Re: Glasses anyone?
Correction--you my friend have presbyopia! Which is what happens to everyone as they age, because our crystalline lens loses it's ability to change shape, and adjust our focal depth--hence the reason for progressive lenses that correct for distance, intermediate, and near vision.
I've looked into some headsets with lens inserts, and they're pretty straightforward for folks that rely on a spherical correction (either - for myopia or + for hyperopia) to their vision, because you can get close enough with the OC height, and PD and they'll work.
However, for folks with more complicated prescriptions, it's not that easy, because there are tighter tolerances required. If you have any cylindrical correction (for astigmatism) you have the added variable of Axis to worry about, and minor changes to the OC height, PD, or angle of the lenses will produce a fishbowl effect--which can induce nausea in someone with a high enough prescription. A lens with only 0.25 correction to cylinder can be rotated by as much as 5-10 degrees without the wearer having any issues--but an RX with higher amounts of cylinder (mine I have over -3.00 in mine) can be greatly affected by changes of less than 1<5 degrees! That said, you can flip cylindrical lenses by 180 degrees and be perfectly fine.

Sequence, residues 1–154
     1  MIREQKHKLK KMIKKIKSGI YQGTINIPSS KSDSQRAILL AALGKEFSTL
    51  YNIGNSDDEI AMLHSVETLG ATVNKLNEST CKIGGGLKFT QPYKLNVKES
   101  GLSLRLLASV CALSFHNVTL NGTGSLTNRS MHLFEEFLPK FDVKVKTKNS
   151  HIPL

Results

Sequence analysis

Then there's the most complicated prescriptions, that have multi-focal correction (for presbyopia), which still requires lenses remain perfectly in position, because the seg height measurements need to line up correctly, so that the intermediate segment doesn't intrude on the distance vision and the wearer doesn't have tilt their head up drastically to see something at arms length--so a mm difference can be huge!
Basically--I'm all sorts of fucked now (as far as getting fancy lens inserts goes) and I'm only going to be more fucked as I age! So, I'm REALLY hoping that in my lifetime, that they'll be able to figure out how to interface with the optic nerve directly.
In the much nearer future, there may be some hope, because they've come a long way with implanted IOLs (used to repair cataracts) and now they're not only able to correct any refractive errors (including astigmatism) but the latest technology are accommodating IOLs that are able correct presbyopia! They're obviously not quite perfect yet, so you wouldn't want to get them if you didn't already have cataracts--but it seems like we're closer to making the technological advances needed to create a mechanical (or even a bio-mechanical) solution to the problem.